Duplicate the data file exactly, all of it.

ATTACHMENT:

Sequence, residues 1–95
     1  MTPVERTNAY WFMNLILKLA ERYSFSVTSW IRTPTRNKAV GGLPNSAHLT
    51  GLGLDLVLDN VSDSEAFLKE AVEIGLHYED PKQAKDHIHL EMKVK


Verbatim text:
Sequence, residues 1–95
     1  MTPVERTNAY WFMNLILKLA ERYSFSVTSW IRTPTRNKAV GGLPNSAHLT
    51  GLGLDLVLDN VSDSEAFLKE AVEIGLHYED PKQAKDHIHL EMKVK